Vice President Mike Pence has denounced the positive portrayal that mainstream media gave North Korean dictator Kim Jung Un's sister during the Winter Olympics.
Vice President Pence garnered criticism from some media outlets for refusing to stand when the unified Korea team debuted in Pyeongchang and to meet with North Korean officials.
Kim Yo Jong, sister to the head of North Korea, on the other hand, received many positive headlines, such as from The New York Times that reads "Kim Jong-un's Sister Turns On the Charm, Taking Pence's Spotlight."
Speaking Thursday morning at the Conservative Political Action Conference, Pence said he took issue with "all the media fawning over the sister of the North Korean dictator," adding that he felt it important "that every American knows who this person is and what she's done."
"The sister of Kim Jong Un is a central pillar of the most tyrannical and oppressive regime on the planet. An evil family clique that brutalizes, subjugates, starves, and imprisons its 25 million people," said Pence.
"Even the United Nations reported that in their words the gravity, scale, and nature of these violations reveal a state that does not have a 'parallel in the contemporary world.'"
Pence went on to explain that "the United States government has sanctioned" Kim Yo Jong due to "her role in abetting North Korea's horrendous human rights abuses and crimes against humanity."
"So for all those in the media who think I should have stood and cheered with the North Koreans, I say the United States of America doesn't stand with murderous dictatorships, we stand up to murderous dictatorships," declared Pence, receiving heavy applause and cheers from the CPAC crowd.
"And we will keep standing strong until North Korea stops threatening our country, our allies, or until they abandon their nuclear and ballistic missiles once and for all."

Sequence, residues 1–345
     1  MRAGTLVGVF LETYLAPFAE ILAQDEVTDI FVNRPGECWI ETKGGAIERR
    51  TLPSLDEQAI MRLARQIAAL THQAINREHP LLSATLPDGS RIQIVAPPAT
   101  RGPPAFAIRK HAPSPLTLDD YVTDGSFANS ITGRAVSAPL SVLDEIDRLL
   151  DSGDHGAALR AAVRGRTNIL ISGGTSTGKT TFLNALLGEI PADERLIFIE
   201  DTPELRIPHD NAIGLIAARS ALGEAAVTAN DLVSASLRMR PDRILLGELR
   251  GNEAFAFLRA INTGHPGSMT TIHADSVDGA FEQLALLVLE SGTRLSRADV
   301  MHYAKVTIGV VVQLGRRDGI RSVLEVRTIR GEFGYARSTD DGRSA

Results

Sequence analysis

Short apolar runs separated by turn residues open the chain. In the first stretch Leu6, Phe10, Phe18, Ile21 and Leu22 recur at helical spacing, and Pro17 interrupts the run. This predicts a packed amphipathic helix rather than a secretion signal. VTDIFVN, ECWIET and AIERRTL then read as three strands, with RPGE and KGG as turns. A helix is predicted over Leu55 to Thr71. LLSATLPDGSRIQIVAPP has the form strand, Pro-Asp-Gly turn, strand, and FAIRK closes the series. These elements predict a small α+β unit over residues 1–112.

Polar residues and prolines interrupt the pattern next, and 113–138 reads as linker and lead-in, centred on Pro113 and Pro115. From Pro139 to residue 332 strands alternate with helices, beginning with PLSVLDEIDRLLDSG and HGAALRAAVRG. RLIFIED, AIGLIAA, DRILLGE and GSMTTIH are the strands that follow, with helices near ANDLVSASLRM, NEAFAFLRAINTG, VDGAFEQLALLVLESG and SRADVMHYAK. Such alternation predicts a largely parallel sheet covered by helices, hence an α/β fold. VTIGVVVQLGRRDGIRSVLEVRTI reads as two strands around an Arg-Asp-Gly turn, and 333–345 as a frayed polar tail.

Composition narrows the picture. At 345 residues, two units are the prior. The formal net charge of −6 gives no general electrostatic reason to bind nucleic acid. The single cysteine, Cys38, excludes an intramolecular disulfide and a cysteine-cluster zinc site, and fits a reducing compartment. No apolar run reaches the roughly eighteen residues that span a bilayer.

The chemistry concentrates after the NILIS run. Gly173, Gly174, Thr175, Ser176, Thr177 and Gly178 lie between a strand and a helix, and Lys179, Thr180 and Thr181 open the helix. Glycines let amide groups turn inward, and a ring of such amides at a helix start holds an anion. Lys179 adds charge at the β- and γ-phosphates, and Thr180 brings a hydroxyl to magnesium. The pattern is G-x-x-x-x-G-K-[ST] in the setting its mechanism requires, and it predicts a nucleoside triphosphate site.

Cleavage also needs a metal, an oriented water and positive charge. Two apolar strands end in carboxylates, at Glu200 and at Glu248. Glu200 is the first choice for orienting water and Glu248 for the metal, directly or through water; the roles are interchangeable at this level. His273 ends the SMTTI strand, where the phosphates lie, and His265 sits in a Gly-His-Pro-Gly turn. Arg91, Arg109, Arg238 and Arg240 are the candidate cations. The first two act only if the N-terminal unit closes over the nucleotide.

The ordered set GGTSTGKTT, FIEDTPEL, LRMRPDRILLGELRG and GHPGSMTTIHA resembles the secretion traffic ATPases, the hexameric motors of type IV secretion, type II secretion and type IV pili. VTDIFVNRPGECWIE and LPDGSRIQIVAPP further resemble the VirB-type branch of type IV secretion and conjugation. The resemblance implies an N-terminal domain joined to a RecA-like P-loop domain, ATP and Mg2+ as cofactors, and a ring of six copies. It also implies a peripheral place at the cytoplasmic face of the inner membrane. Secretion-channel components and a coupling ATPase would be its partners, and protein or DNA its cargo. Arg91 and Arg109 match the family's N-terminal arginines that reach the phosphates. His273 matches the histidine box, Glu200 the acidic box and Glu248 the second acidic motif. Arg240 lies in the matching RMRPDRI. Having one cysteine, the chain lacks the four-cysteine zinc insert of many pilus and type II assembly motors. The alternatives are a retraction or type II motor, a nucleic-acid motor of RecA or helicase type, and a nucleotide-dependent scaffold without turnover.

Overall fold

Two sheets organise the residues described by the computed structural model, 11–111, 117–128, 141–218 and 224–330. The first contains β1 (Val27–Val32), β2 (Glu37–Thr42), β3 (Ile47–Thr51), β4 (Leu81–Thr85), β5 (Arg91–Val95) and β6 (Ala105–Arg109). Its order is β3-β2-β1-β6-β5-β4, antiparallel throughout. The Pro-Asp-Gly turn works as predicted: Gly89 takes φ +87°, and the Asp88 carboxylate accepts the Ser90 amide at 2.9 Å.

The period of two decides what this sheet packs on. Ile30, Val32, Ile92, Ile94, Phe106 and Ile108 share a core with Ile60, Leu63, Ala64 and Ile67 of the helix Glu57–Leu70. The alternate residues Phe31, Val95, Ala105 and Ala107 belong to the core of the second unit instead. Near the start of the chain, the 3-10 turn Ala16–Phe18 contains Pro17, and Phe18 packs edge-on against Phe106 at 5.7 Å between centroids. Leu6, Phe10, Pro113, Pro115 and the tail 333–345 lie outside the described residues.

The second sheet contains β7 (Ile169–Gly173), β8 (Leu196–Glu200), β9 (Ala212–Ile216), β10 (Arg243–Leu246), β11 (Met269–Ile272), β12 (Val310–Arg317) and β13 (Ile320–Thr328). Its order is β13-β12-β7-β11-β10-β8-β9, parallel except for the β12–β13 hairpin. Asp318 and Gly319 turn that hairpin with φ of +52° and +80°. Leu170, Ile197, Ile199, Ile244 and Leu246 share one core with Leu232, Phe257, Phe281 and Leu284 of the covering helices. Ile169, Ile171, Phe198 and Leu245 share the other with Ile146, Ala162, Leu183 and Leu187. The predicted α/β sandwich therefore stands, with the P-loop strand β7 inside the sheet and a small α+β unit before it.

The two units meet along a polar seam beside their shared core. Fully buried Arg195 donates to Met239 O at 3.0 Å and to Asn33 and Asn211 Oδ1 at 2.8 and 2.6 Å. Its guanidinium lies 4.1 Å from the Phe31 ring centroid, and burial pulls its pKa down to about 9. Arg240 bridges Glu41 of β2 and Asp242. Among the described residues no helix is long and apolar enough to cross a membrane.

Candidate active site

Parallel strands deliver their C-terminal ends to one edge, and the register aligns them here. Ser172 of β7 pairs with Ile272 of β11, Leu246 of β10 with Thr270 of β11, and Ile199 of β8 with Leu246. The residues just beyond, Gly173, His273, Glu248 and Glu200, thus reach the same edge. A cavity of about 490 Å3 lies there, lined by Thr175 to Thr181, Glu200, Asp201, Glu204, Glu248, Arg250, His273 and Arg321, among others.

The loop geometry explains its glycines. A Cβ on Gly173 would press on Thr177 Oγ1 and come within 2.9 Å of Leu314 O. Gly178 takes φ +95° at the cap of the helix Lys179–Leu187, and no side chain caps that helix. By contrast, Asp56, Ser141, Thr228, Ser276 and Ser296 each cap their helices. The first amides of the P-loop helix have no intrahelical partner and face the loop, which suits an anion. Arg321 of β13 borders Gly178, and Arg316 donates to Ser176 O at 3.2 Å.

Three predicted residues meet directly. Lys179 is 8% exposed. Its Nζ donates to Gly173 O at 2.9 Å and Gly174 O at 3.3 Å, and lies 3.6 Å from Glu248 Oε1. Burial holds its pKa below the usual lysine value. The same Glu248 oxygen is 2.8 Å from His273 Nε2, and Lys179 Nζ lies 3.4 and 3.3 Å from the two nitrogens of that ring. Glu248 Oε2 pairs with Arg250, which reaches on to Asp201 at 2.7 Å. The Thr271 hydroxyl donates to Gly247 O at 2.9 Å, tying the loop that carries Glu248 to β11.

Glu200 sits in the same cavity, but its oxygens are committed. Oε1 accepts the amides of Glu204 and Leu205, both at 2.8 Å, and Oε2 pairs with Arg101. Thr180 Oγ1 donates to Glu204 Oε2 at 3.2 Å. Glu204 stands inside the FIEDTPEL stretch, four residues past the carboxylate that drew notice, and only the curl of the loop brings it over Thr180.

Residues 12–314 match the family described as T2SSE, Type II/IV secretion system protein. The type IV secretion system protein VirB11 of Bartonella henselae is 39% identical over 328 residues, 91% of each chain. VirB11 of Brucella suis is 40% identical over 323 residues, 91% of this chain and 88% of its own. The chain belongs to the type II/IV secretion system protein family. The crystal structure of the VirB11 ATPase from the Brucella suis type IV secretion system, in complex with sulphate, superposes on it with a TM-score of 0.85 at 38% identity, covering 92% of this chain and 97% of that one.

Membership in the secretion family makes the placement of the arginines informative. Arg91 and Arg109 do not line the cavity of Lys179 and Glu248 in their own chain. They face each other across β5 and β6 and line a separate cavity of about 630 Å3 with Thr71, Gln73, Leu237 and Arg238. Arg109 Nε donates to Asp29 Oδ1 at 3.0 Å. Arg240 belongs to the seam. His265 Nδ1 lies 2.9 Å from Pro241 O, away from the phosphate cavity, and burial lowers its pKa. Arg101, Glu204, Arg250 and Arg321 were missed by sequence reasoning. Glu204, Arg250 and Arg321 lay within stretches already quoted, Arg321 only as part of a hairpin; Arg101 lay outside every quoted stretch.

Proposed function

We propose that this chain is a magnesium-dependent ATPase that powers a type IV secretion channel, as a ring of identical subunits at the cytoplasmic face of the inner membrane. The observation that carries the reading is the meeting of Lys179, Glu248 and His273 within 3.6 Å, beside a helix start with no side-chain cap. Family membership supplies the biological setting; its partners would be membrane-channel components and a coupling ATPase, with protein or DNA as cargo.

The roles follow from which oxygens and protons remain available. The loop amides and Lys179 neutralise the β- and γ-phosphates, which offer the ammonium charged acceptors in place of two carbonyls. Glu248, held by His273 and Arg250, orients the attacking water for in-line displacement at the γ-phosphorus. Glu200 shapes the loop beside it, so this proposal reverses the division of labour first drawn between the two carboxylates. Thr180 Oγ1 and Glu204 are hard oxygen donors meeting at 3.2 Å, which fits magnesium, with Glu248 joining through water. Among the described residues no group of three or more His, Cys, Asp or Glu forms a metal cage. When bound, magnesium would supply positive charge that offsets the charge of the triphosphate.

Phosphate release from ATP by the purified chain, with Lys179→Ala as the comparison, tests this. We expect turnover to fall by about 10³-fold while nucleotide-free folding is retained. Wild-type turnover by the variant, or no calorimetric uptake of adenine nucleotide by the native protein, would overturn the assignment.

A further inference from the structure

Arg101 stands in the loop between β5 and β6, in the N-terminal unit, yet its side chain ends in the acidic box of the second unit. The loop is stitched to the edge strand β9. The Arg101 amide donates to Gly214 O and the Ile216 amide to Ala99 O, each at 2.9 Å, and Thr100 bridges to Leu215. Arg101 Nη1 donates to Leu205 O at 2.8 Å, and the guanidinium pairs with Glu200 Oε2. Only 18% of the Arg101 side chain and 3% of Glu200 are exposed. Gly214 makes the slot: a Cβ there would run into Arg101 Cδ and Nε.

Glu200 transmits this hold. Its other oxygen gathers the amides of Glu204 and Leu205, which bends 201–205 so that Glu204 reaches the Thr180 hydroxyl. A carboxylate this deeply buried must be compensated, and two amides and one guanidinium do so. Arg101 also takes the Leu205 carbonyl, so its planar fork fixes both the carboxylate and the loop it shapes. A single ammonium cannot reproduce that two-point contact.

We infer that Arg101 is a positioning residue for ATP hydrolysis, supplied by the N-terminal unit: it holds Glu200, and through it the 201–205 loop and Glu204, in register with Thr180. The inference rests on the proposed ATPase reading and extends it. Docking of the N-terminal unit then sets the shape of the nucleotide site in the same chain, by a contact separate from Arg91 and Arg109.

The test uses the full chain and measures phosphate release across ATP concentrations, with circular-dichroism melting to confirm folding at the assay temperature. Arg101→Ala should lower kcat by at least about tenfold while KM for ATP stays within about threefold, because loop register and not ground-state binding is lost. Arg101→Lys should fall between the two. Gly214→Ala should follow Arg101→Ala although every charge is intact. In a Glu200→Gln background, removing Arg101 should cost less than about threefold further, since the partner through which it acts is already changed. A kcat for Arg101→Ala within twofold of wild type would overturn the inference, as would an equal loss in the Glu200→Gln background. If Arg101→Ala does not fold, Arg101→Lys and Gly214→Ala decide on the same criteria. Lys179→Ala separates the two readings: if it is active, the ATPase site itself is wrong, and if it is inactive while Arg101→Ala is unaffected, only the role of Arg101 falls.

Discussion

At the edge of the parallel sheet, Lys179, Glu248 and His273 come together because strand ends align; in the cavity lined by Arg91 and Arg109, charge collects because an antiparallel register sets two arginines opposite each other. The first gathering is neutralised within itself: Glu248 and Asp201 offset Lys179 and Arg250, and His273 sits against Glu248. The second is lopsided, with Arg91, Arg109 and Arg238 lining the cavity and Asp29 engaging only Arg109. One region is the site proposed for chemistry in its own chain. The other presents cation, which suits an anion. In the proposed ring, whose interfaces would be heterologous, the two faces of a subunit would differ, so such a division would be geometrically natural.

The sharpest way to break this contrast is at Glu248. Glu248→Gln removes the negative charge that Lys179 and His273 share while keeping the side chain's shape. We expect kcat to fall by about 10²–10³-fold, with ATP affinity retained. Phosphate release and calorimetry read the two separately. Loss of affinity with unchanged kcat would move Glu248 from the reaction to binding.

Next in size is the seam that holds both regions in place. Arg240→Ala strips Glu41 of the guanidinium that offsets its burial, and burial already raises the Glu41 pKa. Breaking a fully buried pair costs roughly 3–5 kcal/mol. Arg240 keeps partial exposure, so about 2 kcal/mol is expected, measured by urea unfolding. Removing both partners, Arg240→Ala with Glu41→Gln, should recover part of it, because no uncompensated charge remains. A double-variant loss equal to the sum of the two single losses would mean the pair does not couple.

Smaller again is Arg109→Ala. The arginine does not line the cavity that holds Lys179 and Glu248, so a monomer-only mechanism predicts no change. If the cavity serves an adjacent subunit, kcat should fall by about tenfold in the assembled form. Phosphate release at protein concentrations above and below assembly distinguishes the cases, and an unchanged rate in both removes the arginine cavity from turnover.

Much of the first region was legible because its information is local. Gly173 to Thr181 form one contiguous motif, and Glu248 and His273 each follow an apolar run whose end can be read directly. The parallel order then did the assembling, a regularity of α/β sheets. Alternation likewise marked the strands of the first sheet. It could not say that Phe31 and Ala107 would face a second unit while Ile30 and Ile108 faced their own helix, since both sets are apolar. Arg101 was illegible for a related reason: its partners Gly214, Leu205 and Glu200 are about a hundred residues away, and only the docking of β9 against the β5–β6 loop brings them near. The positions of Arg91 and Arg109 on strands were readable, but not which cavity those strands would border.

Pence's remarks came during the 2018 CPAC conference, held annually at the Gaylord National Resort & Convention Center in National Harbor, Maryland. The event lasts Thursday through Saturday.
Hosted by the American Conservative Union, the event is considered the largest annual conservative gathering in the country.
In addition to Pence, President Donald Trump is scheduled to address CPAC on Friday, as well as administration officials like Secretary of Education Betsy DeVos and Secretary of Energy Rick Perry.
Pence is not the only one to criticize the sympathetic portrayal of Kim Yo-Jong in many American and Korean news outlets.
In an opinion column for The Washington Post published Feb. 14, Lucy K. Pick of the Divinity School in the University of Chicago compared her to medieval European monarchies, where royal sisters oftentimes played key roles in the government.
"Kim Yo Jong's actions match those of her medieval predecessors. She puts a friendly, feminine face on the regime for public consumption, which softens its image," wrote Pick.
"Kim Yo Jong may not have come across as a menacing, powerful figure, but like her medieval predecessors she probably wields as much influence as anyone in North Korea, short of Kim Jong Un."